Free Prescriptions For the Chronically Ill?

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The Prescription Charges Coalition campaign in England is arguing that prescriptions should be free to those with long-term medical conditions. Organizations such as Parkinson’s UK, National Rheumatoid Arthritis Society, and Asthma UK assert that the list of illnesses deserving prescription-charge exemptions is no longer accurate.

In light of the recent debate, we asked SERMO physicians if they think the long-term ill have free prescriptions.

Over 1300 doctors from 20+ countries weighed-in on the debate, taking into account their own countries’ systems and regulations.

 

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Globally, 65 percent of physicians believe long-term ill patients should receive free prescriptions for as long as they are ill:

“For every patient with a chronic disease [prescriptions] should be free, especially if you do not have the economic conditions to buy it.” – Pediatrics, Venezuela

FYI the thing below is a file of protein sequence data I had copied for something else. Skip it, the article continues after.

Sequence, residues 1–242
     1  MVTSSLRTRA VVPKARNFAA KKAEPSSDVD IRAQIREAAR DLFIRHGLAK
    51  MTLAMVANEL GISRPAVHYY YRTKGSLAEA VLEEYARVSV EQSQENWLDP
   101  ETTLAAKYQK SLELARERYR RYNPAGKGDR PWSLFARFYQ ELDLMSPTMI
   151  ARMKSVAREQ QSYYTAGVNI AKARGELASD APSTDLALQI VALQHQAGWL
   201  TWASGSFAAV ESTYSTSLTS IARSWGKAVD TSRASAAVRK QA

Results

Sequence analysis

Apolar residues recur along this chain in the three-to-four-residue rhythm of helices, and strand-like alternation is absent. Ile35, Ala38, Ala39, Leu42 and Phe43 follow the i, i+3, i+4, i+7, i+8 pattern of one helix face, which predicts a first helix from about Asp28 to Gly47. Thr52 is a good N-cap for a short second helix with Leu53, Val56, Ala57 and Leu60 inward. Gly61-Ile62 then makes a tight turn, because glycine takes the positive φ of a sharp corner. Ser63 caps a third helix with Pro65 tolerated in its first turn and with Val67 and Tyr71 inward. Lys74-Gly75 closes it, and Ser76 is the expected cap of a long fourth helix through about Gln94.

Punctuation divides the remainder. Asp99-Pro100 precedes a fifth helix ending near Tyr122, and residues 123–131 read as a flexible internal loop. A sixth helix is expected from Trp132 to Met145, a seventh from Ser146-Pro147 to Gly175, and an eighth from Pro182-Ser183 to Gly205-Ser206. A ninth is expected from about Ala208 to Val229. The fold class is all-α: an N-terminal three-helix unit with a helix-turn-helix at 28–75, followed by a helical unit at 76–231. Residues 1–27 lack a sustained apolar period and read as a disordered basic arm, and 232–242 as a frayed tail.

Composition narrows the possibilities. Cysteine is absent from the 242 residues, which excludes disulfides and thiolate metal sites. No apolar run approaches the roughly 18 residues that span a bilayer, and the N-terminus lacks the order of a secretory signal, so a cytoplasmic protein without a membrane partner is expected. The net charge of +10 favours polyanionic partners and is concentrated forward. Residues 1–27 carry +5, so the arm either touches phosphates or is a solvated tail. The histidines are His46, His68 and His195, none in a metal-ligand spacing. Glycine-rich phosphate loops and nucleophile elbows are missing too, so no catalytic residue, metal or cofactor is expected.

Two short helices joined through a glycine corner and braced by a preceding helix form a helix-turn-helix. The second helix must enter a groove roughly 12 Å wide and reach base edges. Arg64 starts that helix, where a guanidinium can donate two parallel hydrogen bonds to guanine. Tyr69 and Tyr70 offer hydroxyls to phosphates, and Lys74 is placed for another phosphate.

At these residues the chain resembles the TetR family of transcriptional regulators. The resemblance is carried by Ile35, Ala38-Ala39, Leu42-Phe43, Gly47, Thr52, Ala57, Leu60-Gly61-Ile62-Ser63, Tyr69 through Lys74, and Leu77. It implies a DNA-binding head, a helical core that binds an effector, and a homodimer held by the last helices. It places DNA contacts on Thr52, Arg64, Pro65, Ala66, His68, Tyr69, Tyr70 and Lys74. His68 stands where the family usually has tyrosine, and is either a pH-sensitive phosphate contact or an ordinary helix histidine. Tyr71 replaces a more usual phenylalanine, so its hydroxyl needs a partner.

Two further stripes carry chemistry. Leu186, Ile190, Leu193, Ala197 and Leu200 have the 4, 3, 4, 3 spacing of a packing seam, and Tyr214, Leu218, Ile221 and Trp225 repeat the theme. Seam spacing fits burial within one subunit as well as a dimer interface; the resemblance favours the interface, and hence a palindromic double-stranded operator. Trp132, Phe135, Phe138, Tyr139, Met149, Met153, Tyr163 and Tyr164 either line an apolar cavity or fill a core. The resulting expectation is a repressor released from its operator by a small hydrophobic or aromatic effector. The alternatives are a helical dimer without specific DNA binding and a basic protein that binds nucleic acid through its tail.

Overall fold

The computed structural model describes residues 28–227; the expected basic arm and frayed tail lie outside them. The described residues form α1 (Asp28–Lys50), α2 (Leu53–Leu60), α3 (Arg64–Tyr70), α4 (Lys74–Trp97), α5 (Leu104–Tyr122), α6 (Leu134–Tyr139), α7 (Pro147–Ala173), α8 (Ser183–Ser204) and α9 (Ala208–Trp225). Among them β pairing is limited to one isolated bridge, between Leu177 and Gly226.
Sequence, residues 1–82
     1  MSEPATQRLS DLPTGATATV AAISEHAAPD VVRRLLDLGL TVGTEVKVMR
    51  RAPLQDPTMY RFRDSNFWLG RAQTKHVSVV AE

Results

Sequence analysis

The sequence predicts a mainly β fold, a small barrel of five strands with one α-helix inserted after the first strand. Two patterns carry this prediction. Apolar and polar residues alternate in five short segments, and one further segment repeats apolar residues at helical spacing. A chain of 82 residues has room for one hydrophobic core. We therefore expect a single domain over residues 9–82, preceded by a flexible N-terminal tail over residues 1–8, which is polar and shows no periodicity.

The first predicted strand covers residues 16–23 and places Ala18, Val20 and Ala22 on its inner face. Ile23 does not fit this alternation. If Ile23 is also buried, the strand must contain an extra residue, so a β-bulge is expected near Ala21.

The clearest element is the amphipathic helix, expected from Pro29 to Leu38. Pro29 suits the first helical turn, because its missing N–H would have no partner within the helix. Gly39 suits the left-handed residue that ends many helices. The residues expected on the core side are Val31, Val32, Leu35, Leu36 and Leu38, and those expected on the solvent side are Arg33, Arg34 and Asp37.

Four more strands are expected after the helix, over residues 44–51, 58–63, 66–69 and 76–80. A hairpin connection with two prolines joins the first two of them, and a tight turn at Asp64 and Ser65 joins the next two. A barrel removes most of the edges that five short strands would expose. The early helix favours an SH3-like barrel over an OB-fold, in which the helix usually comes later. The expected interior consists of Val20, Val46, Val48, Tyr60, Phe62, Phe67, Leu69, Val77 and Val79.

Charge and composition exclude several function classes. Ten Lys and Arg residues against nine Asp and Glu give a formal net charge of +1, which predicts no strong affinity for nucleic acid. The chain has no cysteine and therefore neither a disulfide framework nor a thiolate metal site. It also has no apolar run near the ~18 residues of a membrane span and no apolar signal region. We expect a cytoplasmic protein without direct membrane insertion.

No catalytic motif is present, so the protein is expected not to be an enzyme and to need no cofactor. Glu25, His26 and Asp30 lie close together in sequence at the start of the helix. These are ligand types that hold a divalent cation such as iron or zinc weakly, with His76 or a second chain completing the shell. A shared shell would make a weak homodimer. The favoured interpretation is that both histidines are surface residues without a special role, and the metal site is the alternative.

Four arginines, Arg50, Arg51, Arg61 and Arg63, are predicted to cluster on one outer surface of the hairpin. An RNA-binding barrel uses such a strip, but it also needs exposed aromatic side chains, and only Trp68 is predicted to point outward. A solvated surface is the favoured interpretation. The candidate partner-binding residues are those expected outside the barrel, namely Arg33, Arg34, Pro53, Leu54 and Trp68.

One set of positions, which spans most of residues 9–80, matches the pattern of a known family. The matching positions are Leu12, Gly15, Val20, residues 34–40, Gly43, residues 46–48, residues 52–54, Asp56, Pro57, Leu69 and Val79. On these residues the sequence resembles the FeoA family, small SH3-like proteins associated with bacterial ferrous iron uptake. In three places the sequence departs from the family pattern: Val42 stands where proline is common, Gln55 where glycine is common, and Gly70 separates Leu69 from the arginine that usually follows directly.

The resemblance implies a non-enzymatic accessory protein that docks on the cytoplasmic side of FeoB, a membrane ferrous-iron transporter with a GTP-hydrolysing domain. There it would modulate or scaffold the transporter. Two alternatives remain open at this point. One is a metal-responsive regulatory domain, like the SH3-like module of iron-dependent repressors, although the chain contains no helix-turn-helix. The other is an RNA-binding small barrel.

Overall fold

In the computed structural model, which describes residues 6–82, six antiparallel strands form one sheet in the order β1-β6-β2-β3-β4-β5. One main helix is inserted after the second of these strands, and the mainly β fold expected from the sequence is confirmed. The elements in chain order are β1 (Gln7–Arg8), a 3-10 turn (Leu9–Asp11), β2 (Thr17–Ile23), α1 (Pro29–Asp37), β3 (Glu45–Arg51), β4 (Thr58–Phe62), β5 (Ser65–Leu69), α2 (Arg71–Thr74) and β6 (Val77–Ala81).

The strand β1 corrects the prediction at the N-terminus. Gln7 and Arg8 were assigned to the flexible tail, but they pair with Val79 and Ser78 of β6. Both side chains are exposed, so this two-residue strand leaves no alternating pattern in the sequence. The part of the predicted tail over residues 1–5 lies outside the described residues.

“Patients with chronic diseases should receive free treatment. Their situation of chronic illness already causes labor limitations, and therefore a low income.” – Hospice and Palitative Medicine, Spain

“If the pathology is chronic, the treatment coverage should be indefinite.” – General Practice, Spain

 Interestingly, the runner second highest response (13 percent of doctors) was the polar opposite sentiment of, “prescriptions should not be free”:

“The question is: Free by who? There is no free lunch. Nothing is free. Someone pays, and that someone is the taxpayer with taxes. The government does not generate “money, it collects from the taxpayer, ie we pay for others. If it is the pharmaceutical industry that is the supplier of” gratuity,” the costs will be redistributed to the consumer who pays for the product. I am in favor of a discount, but it should be paid in some way.” – Otolaryngology, Brazil

The poll was fielded in July of 2017. 1380 physicians responded to the poll. The margin of error for the global poll was ±3%. More information about SERMO polling methodology can be found here.

Are you a physician? Log into SERMO to weigh-in on ethical questions with other doctors from around the world.

 

 

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